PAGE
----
Individuals, families, and communities are essential partners for building community resilience to public health hazards. Community resilience is a goal of the National Health Security Strategy published in December 2009.14 A resilient community has the sustained ability to withstand and recover – in both the short and long term – from adversity, such as an influenza pandemic or terrorist attack.15 Vulnerable populations16 and those with chronic conditions, such as asthma and obesity, may require additional care during emergencies such as specialized medications, equipment, and other assistance.

Photo of first responders at scene of train derailment.

Endnotes

5 References to CDC also apply to the Agency for Toxic Substances and Disease Registry (ATSDR) and the National Institute for Occupational Safety and Health (NIOSH).

6 See note 1.

7 Originally established in 2002 as the Office for Terrorism Preparedness and Emergency Response (OTPER) and renamed the Coordinating Office for Terrorism Preparedness and Emergency Response (COTPER) in 2005 during a CDC reorganization. In 2009, the name of the office was changed to Office of Public Health Preparedness and Response (OPHPR) as part of CDC’s organizational improvement.

8 See note 2.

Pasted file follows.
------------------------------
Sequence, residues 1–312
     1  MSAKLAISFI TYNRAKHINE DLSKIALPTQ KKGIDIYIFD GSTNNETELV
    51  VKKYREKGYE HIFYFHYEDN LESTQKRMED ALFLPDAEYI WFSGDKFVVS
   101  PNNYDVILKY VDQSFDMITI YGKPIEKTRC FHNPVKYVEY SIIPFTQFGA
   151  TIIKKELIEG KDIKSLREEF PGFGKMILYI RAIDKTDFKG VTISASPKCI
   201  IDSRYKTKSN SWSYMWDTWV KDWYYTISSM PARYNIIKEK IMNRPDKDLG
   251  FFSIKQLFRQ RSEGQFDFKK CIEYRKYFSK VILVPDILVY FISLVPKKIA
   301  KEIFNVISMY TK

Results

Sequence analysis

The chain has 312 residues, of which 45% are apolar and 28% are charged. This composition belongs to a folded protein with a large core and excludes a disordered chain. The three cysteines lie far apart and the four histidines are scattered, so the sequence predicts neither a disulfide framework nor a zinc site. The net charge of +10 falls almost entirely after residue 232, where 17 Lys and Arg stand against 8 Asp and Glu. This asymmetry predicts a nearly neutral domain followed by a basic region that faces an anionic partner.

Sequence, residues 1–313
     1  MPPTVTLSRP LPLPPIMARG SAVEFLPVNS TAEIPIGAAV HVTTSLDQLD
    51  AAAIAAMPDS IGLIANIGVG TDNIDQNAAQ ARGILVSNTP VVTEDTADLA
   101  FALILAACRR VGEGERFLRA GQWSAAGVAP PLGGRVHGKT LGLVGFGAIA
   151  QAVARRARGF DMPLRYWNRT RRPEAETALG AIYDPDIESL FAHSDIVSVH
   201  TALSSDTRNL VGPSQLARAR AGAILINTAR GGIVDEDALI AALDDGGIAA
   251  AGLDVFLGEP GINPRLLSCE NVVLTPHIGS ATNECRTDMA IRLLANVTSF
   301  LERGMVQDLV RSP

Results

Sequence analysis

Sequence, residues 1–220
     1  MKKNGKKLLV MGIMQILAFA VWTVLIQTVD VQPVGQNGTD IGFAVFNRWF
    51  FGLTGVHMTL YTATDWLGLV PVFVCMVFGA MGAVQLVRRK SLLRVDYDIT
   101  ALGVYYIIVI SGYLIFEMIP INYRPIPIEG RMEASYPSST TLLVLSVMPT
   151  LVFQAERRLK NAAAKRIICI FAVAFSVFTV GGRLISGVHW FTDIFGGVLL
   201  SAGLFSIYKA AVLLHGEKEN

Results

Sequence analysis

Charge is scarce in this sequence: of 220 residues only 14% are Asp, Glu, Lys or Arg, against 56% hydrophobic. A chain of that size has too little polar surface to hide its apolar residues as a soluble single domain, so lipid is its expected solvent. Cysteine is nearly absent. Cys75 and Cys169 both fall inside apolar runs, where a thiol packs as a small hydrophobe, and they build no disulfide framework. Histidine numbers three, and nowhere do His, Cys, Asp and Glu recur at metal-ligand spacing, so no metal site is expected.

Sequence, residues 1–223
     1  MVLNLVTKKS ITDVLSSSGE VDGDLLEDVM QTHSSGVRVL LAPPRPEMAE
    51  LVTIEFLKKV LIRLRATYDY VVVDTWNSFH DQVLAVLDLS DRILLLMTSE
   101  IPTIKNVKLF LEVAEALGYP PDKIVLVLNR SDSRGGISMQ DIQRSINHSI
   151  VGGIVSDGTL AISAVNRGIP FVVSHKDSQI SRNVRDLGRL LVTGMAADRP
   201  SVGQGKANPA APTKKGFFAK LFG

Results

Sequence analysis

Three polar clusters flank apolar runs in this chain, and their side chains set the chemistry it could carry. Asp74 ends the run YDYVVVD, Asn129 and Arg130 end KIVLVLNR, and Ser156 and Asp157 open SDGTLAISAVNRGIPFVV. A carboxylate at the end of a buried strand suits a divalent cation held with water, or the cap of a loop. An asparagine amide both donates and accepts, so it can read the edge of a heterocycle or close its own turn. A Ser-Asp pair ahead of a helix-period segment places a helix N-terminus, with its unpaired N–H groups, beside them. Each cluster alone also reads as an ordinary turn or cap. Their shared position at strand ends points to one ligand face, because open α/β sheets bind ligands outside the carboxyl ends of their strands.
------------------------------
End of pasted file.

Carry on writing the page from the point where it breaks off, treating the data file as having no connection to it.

9 The number of data points on each state fact sheet increased from 26 in CDC’s 2008 preparedness report to 42 in this report, in addition to state-specific information on an additional 10 CDC-funded resources and projects to support state and local preparedness. Confidential Copy - Embargoed until September 21, 2010 - 12 pm Public Health Preparedness: Strengthening the Nation’s Emergency Response State by State 189

10 CDC preparedness reports do not discuss broader national disaster management or medical response activities conducted by the Federal Emergency Management Agency, the Office of the Assistant Secretary for Preparedness and Response (e.g., Hospital Preparedness Program), and others.

11 National Health Security Strategy (2009). More information available at www.hhs.gov/aspr/opsp/nhss/strategy.html.

12 Pandemic and All-Hazards Preparedness Act, Pub. L. No. 109–417, 120 Stat. 2831 (December 19, 2006). Available at www.hhs.gov/aspr/omsph/nbsb/publiclaw109417.pdf.